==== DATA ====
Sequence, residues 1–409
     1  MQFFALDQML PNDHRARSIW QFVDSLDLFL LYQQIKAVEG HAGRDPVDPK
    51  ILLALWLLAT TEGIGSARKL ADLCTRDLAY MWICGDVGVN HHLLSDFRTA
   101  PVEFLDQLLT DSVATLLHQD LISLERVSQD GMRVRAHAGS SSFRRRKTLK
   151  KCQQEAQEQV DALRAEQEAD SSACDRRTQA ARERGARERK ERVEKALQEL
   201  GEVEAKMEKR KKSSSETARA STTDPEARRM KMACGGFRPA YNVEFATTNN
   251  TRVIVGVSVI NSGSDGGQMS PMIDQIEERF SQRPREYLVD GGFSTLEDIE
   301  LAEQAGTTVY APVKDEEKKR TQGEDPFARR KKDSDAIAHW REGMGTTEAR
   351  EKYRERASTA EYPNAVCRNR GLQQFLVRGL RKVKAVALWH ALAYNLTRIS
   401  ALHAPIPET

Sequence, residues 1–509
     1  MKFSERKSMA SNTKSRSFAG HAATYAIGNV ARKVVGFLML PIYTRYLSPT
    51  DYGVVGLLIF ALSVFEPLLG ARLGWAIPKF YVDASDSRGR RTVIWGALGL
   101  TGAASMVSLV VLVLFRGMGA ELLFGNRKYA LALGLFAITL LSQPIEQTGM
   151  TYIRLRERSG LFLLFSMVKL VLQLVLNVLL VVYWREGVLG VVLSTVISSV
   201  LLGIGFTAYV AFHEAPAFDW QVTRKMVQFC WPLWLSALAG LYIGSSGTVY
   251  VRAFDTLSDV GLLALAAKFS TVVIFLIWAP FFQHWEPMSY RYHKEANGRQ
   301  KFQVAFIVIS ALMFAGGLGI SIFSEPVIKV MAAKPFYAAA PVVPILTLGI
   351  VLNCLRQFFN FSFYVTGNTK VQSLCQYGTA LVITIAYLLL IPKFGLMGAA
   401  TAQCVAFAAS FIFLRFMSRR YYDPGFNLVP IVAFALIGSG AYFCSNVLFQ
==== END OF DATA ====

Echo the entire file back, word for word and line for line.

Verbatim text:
Sequence, residues 1–409
     1  MQFFALDQML PNDHRARSIW QFVDSLDLFL LYQQIKAVEG HAGRDPVDPK
    51  ILLALWLLAT TEGIGSARKL ADLCTRDLAY MWICGDVGVN HHLLSDFRTA
   101  PVEFLDQLLT DSVATLLHQD LISLERVSQD GMRVRAHAGS SSFRRRKTLK
   151  KCQQEAQEQV DALRAEQEAD SSACDRRTQA ARERGARERK ERVEKALQEL
   201  GEVEAKMEKR KKSSSETARA STTDPEARRM KMACGGFRPA YNVEFATTNN
   251  TRVIVGVSVI NSGSDGGQMS PMIDQIEERF SQRPREYLVD GGFSTLEDIE
   301  LAEQAGTTVY APVKDEEKKR TQGEDPFARR KKDSDAIAHW REGMGTTEAR
   351  EKYRERASTA EYPNAVCRNR GLQQFLVRGL RKVKAVALWH ALAYNLTRIS
   401  ALHAPIPET

Sequence, residues 1–509
     1  MKFSERKSMA SNTKSRSFAG HAATYAIGNV ARKVVGFLML PIYTRYLSPT
    51  DYGVVGLLIF ALSVFEPLLG ARLGWAIPKF YVDASDSRGR RTVIWGALGL
   101  TGAASMVSLV VLVLFRGMGA ELLFGNRKYA LALGLFAITL LSQPIEQTGM
   151  TYIRLRERSG LFLLFSMVKL VLQLVLNVLL VVYWREGVLG VVLSTVISSV
   201  LLGIGFTAYV AFHEAPAFDW QVTRKMVQFC WPLWLSALAG LYIGSSGTVY
   251  VRAFDTLSDV GLLALAAKFS TVVIFLIWAP FFQHWEPMSY RYHKEANGRQ
   301  KFQVAFIVIS ALMFAGGLGI SIFSEPVIKV MAAKPFYAAA PVVPILTLGI
   351  VLNCLRQFFN FSFYVTGNTK VQSLCQYGTA LVITIAYLLL IPKFGLMGAA
   401  TAQCVAFAAS FIFLRFMSRR YYDPGFNLVP IVAFALIGSG AYFCSNVLFQ